The possible disadvantages of using ATMs to get cash in a foreign country: (1) if it's a VISA branded ATM card, the VISA system charges a one percent "foreign currency conversion fee." Your bank or credit union may choose to absorb this small fee, or pass it along to you. My credit unions pass it along. But even with the 1% fee, getting cash from an ATM in the UK is a better deal than getting cash from a currency exchange counter. (2) Your bank or credit union may charge you a separate foreign transaction fee - this is different from the VISA system fee I mentioned in #1. My credit unions don't charge me any such fees.

ATMs in the UK work like ATMs in the US. Insert your card, use your 4 digit PIN. Just let your bank or credit union know of your travel plans in advance.

If possible, bring a back-up ATM card for a different bank's checking account. I've always done this but never needed it. I almost needed it on one trip. Although I'd done the pre-trip travel notice to my credit union with my "travel" checking account, for some reason my first try to use the ATM card in London failed. If it hadn't succeeded the next day, I would have been okay because I had a second account I could tap.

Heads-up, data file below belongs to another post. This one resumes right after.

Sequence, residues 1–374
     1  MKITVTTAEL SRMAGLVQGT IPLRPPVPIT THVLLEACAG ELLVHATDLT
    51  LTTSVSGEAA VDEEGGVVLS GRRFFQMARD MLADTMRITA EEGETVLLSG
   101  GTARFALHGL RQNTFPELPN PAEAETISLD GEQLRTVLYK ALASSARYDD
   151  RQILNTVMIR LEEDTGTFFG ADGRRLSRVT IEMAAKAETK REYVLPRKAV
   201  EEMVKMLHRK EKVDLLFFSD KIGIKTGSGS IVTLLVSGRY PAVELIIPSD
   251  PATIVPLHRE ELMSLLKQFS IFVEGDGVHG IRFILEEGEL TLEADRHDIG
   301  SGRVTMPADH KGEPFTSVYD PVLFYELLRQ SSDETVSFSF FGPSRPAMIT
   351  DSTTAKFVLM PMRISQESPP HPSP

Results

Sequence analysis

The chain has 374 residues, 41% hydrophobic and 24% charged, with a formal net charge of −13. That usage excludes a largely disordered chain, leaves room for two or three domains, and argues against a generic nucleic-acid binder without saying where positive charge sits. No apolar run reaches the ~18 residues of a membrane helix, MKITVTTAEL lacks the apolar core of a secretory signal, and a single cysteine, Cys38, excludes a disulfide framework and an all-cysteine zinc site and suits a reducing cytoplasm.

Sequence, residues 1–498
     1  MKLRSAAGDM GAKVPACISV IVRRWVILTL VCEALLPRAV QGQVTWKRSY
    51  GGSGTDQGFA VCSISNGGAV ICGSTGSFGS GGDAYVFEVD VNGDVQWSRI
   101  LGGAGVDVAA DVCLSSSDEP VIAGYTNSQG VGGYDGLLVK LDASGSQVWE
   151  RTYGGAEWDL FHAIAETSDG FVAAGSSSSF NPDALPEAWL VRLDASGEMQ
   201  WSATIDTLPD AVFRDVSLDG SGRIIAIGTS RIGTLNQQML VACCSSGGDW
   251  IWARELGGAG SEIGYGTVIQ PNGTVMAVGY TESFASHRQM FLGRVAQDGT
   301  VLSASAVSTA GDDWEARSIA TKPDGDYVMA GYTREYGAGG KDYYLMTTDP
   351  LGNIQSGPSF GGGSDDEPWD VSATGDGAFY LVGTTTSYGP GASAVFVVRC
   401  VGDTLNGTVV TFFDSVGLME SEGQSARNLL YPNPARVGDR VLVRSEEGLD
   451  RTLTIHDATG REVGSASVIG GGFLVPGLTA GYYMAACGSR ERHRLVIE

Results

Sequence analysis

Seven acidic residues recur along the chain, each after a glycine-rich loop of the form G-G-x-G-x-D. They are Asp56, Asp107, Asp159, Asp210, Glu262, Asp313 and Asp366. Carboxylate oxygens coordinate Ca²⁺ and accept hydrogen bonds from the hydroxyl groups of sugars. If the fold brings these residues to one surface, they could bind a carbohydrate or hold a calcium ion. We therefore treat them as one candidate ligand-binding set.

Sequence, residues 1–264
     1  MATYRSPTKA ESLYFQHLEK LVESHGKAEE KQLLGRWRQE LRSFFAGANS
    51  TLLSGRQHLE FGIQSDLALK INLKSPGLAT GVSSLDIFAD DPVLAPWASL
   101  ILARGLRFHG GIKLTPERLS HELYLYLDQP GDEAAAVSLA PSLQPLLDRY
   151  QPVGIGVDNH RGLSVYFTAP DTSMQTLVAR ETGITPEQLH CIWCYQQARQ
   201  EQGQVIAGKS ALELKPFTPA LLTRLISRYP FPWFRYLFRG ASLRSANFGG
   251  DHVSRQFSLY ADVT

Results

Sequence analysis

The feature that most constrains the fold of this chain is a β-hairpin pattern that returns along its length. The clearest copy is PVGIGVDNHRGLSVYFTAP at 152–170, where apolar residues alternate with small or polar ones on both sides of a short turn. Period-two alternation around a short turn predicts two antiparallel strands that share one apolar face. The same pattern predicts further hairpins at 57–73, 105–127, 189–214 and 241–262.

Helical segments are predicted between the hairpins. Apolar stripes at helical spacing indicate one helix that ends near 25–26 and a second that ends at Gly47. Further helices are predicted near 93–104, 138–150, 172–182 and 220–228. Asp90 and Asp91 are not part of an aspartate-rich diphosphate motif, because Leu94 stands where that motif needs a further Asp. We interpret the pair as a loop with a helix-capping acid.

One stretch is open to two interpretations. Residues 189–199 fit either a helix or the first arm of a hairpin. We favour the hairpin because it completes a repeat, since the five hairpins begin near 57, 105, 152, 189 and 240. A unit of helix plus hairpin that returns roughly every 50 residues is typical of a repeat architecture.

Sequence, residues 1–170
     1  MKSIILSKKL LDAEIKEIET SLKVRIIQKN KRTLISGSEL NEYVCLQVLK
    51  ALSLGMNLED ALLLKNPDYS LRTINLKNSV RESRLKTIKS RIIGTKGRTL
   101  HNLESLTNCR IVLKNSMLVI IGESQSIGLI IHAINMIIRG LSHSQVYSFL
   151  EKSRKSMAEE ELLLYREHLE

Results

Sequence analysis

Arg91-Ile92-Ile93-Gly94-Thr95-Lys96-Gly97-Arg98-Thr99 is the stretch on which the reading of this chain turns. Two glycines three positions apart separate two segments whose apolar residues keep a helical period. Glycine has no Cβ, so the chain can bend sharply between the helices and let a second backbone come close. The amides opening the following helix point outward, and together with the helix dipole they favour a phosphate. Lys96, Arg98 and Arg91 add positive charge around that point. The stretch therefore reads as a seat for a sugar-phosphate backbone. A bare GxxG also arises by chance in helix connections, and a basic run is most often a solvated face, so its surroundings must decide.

The last time I brought travelers cheques to the UK, was 1998. I was touring around East Anglia and had a heckuva time getting any of them cashed. That was the first time I used my ATM card in the UK, and I've never looked back, lol.

I like having a bit of ££ in cash for small transactions although each time I come home from the UK I seem to have spent less in cash. I have my main credit card (no foreign fees) linked to my Android Pay and now I tend to just wave my phone at the card readers in the UK and buy everything that way. (Actually pretty secure since they never see your credit card number.)

You may want to have a bit of cash "just in case," and you may need a tiny bit of cash, I think most likely 20 pence (20p) coins, if you encounter pay toilets. Just saying.

You can use debit or credit cards for almost all your dining, sightseeing, transportation, and shopping. Again, check to see what foreign transaction fees the card issuer will charge you, and put in advance notice of your travels. If a merchant says they can charge your card in dollars, refuse and have them run the transaction in GPB (£).

Posted by
35 posts

I am coming from the US-(OP here) sorry didn’t state that before. This is so helpful I could cry :) I’m beyond grateful for finding this forum. I will plan to bring some pounds then maybe 150? And then from
There we can use ATM..

Posted by
1242 posts